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Consequenses of childhood adversity on health concerns in adulthood

G Adejuwon

Abstract


This study investigated the extent to which childhood adversity experiences through parental divorce, death or separation, contributed to the health condition of adult Nigerian workers. 440 respondents (mean age = 39.77, SD = 8.66), comprised of 228 males and 212 females, completed and returned the study questionnaire. Of this number 208 respondents (Males = 118, Females = 90) reported having experienced the loss of both or one of their parents before age 17.The analyses of the data showed that adults who experienced childhood adversity through parental loss, death or separation, scored significantly higher on measures of depression t (438) = -2.42, P < .05) and acute health problems t (438) = -2.14, P < .05) than adults who did not. Social/emotional support decreases with increase in age among those who reported childhood adversity ( r = - .105, p< .05) and levels of depression increases with decrease in social/emotional support ( r = -.194, p< .01). Both males and females who experienced childhood adversity have similar levels of depression, acute and chronic health. Childhood adversity contributed 12% of the variance in depression at adulthood and 10% of the acute health conditions of the adults. These findings indicate that a significant proportion of the population of working class adult Nigerians who experienced childhood adversity may be experiencing health problems.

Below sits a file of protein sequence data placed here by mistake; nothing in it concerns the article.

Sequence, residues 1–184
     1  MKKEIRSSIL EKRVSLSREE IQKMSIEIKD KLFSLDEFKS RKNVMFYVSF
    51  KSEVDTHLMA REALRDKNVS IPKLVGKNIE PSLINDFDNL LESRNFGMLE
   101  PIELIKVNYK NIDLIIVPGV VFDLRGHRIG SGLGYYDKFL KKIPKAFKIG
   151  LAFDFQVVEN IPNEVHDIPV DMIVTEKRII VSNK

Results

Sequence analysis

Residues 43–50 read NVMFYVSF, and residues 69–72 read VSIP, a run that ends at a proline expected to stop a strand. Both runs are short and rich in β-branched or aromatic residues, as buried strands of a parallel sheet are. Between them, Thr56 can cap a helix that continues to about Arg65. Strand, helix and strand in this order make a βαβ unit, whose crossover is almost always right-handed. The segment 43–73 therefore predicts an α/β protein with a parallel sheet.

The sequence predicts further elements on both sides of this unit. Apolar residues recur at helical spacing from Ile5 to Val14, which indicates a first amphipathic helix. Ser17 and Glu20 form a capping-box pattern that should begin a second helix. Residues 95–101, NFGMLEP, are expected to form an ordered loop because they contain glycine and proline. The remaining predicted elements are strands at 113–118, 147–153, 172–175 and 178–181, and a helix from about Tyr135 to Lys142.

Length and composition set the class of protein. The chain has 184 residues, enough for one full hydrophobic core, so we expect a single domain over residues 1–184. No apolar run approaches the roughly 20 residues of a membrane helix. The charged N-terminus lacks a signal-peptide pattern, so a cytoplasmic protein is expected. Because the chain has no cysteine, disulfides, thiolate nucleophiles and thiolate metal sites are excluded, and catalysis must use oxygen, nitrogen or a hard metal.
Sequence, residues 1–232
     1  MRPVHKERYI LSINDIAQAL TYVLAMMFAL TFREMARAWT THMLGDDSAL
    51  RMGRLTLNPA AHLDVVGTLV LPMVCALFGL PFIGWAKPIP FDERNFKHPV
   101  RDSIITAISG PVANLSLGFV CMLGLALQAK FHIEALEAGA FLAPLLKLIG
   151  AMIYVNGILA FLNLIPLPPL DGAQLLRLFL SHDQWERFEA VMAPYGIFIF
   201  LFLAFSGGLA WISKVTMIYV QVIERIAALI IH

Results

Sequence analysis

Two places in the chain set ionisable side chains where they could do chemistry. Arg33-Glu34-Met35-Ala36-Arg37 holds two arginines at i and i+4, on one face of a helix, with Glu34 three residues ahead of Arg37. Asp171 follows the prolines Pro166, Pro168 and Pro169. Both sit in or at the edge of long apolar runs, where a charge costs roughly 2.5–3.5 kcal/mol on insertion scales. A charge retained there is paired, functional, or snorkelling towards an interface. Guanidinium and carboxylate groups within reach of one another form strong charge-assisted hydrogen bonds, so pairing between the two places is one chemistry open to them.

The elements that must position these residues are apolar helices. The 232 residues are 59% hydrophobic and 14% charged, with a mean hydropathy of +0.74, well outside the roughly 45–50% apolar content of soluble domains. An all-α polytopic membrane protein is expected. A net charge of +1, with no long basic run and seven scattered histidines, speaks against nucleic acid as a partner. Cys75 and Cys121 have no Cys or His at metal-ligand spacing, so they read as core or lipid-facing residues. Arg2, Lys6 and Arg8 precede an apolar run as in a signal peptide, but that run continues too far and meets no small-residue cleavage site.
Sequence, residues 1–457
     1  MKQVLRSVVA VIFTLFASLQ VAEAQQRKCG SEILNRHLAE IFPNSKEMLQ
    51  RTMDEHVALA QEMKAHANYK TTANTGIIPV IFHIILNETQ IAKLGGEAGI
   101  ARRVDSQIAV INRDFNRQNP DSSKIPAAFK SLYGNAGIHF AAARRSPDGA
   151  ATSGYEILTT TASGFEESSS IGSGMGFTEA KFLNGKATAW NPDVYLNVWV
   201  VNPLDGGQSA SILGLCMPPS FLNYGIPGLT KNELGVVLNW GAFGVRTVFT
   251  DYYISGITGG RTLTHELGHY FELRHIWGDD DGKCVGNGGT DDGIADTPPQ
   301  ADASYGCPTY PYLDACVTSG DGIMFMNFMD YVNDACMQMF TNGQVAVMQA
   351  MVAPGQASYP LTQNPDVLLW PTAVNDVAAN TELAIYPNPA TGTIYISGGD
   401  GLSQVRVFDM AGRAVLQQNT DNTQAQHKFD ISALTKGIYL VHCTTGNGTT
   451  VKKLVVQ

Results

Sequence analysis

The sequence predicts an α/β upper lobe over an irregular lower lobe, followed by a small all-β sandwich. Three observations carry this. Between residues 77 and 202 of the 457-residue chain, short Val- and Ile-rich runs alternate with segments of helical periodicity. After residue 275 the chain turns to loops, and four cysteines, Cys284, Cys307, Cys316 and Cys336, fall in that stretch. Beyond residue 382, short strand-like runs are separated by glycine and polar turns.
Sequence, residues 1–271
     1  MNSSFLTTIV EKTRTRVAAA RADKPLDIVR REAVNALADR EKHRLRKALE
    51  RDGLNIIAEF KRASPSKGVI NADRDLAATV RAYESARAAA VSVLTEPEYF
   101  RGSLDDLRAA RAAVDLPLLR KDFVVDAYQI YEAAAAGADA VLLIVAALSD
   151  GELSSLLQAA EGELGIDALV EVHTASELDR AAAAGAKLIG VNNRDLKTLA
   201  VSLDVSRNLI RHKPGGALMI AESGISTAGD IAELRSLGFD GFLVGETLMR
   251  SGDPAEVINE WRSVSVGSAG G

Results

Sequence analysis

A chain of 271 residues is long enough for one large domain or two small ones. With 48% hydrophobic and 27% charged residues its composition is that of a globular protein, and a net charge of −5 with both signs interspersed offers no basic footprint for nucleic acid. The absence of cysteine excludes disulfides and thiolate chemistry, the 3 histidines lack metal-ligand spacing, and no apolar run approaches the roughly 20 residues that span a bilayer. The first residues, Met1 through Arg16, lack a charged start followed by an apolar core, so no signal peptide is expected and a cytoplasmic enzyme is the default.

Conclusively, although the incidence of parental loss may seem inevitable, particularly death, it is important to have a better understanding of how parental loss in early childhood is linked with the health concerns in adulthood. Such knowledge would aid in the development of preventive intervention program and the point at which such an intervention could be introduced. Small sample size may limit the generalization of the study. A larger study is therefore required in Nigeria to explain the pathways linking childhood adversity to physical health in adulthood.



http://dx.doi.org/10.4314/ifep.v18i1.51652
AJOL African Journals Online